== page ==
SCIENCE

Winnie The Pooh's Skull Is Here To Destroy Your Childhood

Oh, bother.

Morbid fans of the Hundred-Acre Wood rejoice: The skull of the bear that inspired A.A. Milne’s classic "Winnie the Pooh" stories is now on public display at the Royal College of Surgeon’s Hunterian Museum in London -- and it holds clues to how the bear suffered tooth decay.

The skull belongs to Winnipeg, “Winnie” for short, a female black bear who lived at the London Zoo. Lieutenant Harry Colebourn of the Royal Canadian Army Veterinary Corps purchased Winnie when she was a cub from a hunter in Canada prior to World War I. He then brought the cub overseas with him to England, where she became the unofficial mascot of his regiment. When Colebourn’s regiment had to travel to France in 1914, he left Winnie in the care of the London Zoo.

The zoo is where a little boy named Christopher Robin, author A.A. Milne’s son, met Winnie and became enamored with the silly old bear. He named his toy bear after Winnie, and the rest is history.

Winnie died of old age in 1934. Her skull has been in the possession of the museum ever since, but this is the first time it will be on public display, according to The New York Times. 

The skull’s not just a nostalgic relic for Pooh enthusiasts. Dental surgeon Sir James Frank Colyer, who was the first researcher to write about dental diseases in bears, analyzed Winnie’s skull as part of his research. He found that Winnie had lost most of her teeth, which he attributed to both her old age and her less-than-ideal diet.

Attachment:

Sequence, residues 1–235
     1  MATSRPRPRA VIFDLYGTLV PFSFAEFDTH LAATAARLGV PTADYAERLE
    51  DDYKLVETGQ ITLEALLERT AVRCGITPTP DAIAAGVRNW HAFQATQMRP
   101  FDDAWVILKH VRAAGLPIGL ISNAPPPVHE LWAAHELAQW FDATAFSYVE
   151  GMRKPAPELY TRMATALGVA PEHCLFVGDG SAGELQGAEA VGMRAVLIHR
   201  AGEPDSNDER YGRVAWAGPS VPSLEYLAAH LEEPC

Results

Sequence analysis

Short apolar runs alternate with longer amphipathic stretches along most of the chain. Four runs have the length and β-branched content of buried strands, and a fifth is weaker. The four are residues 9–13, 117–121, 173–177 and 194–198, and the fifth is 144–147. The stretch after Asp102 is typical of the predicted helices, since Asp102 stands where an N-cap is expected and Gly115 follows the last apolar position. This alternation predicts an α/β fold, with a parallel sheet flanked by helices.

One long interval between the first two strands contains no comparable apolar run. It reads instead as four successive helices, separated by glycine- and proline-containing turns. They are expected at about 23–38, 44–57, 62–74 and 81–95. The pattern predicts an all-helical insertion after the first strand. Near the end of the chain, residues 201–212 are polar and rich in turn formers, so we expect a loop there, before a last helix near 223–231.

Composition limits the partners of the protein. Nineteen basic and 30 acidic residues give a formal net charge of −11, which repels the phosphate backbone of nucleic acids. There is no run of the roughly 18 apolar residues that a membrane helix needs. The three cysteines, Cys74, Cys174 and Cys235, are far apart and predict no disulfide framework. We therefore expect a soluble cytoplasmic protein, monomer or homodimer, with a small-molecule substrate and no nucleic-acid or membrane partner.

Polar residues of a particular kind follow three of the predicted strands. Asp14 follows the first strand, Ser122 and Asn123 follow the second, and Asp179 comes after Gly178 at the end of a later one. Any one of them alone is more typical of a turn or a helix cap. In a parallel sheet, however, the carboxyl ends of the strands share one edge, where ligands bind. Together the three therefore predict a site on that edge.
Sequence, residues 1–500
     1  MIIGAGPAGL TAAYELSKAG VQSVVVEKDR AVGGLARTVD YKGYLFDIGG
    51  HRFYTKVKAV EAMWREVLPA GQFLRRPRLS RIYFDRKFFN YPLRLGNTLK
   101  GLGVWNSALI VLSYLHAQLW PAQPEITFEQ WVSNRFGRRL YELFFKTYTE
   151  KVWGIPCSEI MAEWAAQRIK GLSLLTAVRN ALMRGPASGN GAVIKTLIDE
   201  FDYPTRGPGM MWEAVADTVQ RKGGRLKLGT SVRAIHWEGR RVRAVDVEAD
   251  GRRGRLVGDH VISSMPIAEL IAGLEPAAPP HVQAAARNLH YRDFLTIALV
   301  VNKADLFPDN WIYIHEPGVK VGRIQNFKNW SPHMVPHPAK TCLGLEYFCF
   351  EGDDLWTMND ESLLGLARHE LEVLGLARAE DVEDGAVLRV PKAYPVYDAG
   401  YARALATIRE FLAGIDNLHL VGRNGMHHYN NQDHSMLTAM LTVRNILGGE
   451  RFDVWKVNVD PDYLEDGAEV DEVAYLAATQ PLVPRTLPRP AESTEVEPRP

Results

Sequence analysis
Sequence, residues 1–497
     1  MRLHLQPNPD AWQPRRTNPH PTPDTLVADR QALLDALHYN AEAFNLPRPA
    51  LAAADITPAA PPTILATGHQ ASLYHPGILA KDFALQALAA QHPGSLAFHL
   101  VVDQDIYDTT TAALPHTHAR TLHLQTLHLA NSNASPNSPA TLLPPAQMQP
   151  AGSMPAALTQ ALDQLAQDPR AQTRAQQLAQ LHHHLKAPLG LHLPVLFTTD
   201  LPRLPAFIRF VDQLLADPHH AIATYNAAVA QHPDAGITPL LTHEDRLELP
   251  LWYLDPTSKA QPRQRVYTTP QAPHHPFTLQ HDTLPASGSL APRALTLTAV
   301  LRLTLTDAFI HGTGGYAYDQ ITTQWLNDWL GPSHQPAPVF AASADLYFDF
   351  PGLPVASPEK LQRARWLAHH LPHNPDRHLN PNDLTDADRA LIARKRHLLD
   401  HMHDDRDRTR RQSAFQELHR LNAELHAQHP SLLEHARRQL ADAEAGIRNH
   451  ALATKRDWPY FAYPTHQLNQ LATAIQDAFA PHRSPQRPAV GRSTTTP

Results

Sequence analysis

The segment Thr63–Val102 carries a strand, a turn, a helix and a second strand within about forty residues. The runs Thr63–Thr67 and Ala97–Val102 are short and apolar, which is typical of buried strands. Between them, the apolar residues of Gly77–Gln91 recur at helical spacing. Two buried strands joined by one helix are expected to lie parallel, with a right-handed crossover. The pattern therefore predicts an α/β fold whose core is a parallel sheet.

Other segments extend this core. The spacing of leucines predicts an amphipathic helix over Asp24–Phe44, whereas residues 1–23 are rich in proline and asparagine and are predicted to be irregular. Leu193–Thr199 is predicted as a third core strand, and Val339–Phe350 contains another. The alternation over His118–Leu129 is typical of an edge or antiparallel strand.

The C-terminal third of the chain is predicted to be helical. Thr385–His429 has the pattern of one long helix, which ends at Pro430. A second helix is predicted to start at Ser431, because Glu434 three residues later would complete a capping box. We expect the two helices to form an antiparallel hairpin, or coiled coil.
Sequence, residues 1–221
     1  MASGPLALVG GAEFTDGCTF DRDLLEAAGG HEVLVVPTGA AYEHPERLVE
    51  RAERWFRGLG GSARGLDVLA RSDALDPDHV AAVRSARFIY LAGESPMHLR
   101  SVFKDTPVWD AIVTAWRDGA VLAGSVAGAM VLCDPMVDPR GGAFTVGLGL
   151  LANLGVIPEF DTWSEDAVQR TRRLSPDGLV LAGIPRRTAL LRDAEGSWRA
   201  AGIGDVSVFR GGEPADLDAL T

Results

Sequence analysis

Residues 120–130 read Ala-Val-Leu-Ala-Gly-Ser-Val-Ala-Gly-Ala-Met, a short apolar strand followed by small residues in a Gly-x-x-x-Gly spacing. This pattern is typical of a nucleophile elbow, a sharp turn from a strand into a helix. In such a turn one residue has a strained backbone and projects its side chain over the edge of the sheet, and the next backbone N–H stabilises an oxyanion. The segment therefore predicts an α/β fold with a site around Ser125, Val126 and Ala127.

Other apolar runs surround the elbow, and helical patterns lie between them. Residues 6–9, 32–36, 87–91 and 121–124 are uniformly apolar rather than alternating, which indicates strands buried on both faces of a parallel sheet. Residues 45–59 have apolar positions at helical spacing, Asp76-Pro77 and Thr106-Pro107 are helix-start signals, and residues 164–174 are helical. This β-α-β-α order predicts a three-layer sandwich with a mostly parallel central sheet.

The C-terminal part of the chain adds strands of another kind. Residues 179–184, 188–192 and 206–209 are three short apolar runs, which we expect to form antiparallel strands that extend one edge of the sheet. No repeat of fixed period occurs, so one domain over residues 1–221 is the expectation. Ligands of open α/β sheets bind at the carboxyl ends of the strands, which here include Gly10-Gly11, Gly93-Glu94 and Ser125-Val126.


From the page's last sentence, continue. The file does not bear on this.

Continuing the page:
"People would come to the zoo specifically to meet Winnie, to watch her playing, to have photographs taken with her, feed her honey," Abigail Woods, professor in the history of human and animal health at King’s College London, told the BBC.

Colyer included his findings on Winnie's teeth in his 1936 work, Variations and Diseases of the Teeth of Animals, which became a valued guide for veterinary, zoology and dentistry students.

Museum staff saw the skull “with fresh eyes” when they recently reviewed some of the items in their collection, Hunterian director Sam Alberti told The New York Times. The skull’s unveiling also comes shortly after the publication of Finding Winnie, a children’s book about the true story behind Winnie the Pooh. The author, Lindsay Mattock, is Colebourn’s great-granddaughter.

Even so, museum officials were cautious about how they marketed the attraction. “We did think carefully about this because we didn’t want the message to be, ‘Come to the Hunterian Museum and see Winnie-the-Pooh.’" Alberti said. “No. It’s a skull.”

Contact the author at Hilary.Hanson@huffingtonpost.com